Abraham was once on a mission at God’s command to sacrifice his son (Genesis 22). He could have prayed to God to relieve him of the mission. He could have negotiated with God to spare his son’s life (he had done it before for his nephew Lot). Instead Abraham found opportunity in his circumstance to prove God as a provider. With knowledge of God as his shepherd, Abraham said to his son, “God will provide for Himself a lamb for the sacrifice”.  This confession meant that even though Abraham did not have a lamb for the sacrifice in that moment, he knew without a shadow of doubt that in God he had everything he needed. We know how the story ends (and if you don’t, dare to read Genesis 22). That day, Abraham discovered God in a new light. For the very first time in the history of man, a new name for God was birthed on that mountain: Jehovah Jireh, ‘The Lord will Provide’ (Genesis 22:14).

As we study through Psalm 23, I do not take for granted and will continue to emphasize the preamble: the Lord is my shepherd. What prosperity preachers don’t tell you is that you need a relationship with the shepherd before you can claim the benefits. Is the Lord your shepherd? Then and only then can you say with confidence, “I shall not want!”

The Lord is my Shepherd…

Psalm 23: 1 The Lord is my shepherd, I shall not want. This could very easily be one of the most famous verses in the bible. For the most part, every time I have said that prayer, I casually run through the verses till I get to my favorite part, “Surely, goodness and mercy shall follow me all the days of my life” Boy do I say that with so much conviction but  today,  I felt God asking me to slow down with the scripture so here goes:

The first and most important thing I realized was that the “Lord is my shepherd” is a preamble to the whole prayer not just “I shall not want”. I can confidently claim the benefits of this prayer in its entirety if and only if the Lord is my shepherd.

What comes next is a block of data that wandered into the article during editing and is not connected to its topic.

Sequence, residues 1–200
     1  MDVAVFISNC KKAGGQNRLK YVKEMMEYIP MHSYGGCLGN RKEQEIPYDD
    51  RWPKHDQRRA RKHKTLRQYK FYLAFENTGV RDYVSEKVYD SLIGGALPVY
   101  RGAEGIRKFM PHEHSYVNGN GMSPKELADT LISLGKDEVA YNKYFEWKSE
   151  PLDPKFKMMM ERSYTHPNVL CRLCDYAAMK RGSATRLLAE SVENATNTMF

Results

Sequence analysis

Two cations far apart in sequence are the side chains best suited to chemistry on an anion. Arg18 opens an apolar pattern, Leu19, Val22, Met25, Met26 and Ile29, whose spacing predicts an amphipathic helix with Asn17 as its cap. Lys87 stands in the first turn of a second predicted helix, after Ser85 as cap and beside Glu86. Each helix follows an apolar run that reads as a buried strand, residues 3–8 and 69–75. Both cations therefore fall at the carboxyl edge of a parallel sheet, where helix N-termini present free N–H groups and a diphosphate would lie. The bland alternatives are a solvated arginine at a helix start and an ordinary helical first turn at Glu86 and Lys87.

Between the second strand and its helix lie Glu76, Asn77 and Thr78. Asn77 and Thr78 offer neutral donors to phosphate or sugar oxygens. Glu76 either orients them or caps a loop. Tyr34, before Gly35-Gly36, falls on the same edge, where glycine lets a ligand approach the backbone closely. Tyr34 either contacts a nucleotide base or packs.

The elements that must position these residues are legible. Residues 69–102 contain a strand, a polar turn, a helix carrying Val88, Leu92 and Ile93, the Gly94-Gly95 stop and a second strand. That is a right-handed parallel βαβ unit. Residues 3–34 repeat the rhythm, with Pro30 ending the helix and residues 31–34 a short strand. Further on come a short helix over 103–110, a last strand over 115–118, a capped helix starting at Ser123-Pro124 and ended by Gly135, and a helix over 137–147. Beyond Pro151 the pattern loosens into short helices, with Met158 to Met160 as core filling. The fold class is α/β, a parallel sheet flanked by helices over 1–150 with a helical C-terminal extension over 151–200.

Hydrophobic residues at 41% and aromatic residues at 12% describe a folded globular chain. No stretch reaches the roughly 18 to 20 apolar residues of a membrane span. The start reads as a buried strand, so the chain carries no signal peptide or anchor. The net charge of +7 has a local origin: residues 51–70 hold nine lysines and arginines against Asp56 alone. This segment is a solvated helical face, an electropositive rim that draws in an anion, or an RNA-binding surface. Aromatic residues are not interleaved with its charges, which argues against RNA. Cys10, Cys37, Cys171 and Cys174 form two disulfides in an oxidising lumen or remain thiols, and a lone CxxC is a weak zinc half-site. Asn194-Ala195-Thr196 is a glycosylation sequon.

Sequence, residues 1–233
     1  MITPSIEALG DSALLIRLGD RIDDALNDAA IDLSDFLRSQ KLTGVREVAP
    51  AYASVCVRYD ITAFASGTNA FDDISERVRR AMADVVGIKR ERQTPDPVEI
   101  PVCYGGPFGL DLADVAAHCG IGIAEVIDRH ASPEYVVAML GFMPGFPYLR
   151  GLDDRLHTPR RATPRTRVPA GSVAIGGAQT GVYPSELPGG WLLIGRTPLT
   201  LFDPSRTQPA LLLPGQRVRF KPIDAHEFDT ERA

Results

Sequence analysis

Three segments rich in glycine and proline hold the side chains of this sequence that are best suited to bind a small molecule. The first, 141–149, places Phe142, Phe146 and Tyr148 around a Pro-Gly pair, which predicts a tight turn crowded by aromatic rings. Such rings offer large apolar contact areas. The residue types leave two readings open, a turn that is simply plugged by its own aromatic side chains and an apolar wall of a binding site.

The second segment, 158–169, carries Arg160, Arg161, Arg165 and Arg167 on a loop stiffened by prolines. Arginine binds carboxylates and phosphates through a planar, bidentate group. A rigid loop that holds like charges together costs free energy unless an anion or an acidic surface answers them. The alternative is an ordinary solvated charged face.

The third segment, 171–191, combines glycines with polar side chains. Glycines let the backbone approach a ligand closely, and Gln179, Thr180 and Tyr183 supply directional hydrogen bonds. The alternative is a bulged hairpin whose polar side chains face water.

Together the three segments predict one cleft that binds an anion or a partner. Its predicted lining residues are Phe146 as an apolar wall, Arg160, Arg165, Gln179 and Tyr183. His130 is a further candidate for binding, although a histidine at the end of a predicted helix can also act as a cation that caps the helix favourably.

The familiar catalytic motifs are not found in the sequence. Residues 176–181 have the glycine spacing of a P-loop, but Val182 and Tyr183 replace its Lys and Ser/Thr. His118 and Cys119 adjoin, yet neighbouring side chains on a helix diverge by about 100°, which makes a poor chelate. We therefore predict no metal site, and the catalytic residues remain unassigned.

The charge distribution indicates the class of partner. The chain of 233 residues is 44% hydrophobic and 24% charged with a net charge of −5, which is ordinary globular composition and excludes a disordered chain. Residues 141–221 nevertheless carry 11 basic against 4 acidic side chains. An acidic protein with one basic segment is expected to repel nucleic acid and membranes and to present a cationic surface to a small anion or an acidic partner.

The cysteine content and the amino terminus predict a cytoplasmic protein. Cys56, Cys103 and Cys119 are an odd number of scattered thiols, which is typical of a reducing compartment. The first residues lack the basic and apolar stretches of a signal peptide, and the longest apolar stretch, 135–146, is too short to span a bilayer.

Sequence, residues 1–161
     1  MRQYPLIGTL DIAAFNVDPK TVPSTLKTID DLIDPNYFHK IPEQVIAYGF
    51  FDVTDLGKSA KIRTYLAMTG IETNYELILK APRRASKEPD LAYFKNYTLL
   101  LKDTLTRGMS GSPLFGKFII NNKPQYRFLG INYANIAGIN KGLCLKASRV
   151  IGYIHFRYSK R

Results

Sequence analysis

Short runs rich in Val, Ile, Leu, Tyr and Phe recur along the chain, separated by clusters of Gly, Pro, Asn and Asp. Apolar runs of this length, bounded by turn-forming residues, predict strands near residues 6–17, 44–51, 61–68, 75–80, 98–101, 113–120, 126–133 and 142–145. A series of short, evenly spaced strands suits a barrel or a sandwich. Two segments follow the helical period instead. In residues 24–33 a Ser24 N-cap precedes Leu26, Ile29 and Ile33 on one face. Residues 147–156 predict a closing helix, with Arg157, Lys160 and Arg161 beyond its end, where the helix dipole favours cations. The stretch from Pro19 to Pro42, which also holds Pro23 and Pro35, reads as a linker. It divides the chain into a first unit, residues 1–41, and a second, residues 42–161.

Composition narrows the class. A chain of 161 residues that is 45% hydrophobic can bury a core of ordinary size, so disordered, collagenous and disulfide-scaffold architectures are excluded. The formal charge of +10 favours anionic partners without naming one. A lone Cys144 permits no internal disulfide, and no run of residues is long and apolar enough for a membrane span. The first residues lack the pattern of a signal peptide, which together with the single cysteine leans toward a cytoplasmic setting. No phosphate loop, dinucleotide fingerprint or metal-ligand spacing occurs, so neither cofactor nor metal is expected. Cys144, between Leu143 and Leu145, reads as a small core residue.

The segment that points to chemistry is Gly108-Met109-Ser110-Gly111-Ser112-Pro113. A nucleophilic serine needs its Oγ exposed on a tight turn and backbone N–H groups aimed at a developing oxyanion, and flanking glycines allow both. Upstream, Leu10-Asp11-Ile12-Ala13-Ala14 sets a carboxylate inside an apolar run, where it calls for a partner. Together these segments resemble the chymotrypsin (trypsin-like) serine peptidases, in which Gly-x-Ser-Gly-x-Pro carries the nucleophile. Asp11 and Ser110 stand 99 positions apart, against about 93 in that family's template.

So what does it mean to have the Lord as my shepherd?

I am the good shepherd. I know My sheep and My sheep know Me, just as the Father knows Me and I know the Father. And I lay down My life for the sheep. John 10:14-15 Berean study Bible

Note that at this point Jesus had not yet been physically crucified but He did not say, “I will lay down my life”. He said,  “I lay down My life”. The Lord Jesus,  our shepherd, has already paid the ultimate sacrifice and yet He is prepared to do it all over again if that’s what it takes so that you are part of his fold.

I have other sheep that are not of this fold. I must bring them in as well, and they will listen to My voice. Then there will be one flock and one shepherd. John 10:16 Berean Study Bible

As a shepherd, Jesus knows me. He doesn’t only know my name (Isaiah 43:2). He knows everything about me (Psalm 139:1-4) and wants me to be solely reliant on Him for everything. His love defends me when wolves (the storms of life) come (John 10:12, Ezekiel 34:12). He is concerned about me (1 peter 5:7). He delights in every detail of my life (Psalm 37:23). He is intentional about me and will leave the other 99 sheep to come after me when I go astray.

And what are the implications for me?

The sheep (me) knows the shepherd. I must know the voice of the shepherd. I must not answer to any other  but the voice of my shepherd. I must trust my shepherd completely knowing that He has my best interests at heart. I must rely on His guidance and direction. I must be comforted by His rod and staff  even if it is a rod/ staff of discipline. And when I find myself in a place of uncertainty, a place a sorrow, a place of despair, I will not be afraid or let my heart be troubled because I know he is selflessly with me.

So the next time I say Psalm 23, I am going to say it with understanding of the privilege I enjoy with Jesus as my shepherd and the identity and responsibilities I have as a sheep.

The LORD is my shepherd; I shall not want. He makes me lie down in green pastures; He leads me beside quiet waters. He restores my soul; He guides me in the paths of righteousness for the sake of His name Even though I walk through the valley of the shadow of death, I will fear no evil, for You are with me; Your rod and Your staff, they comfort me. You prepare a table before me in the presence of my enemies. You anoint my head with oil; my cup overflows. Surely goodness and mercy will follow me all the days of my life, and I will dwell in the house of the LORD forever. Amen.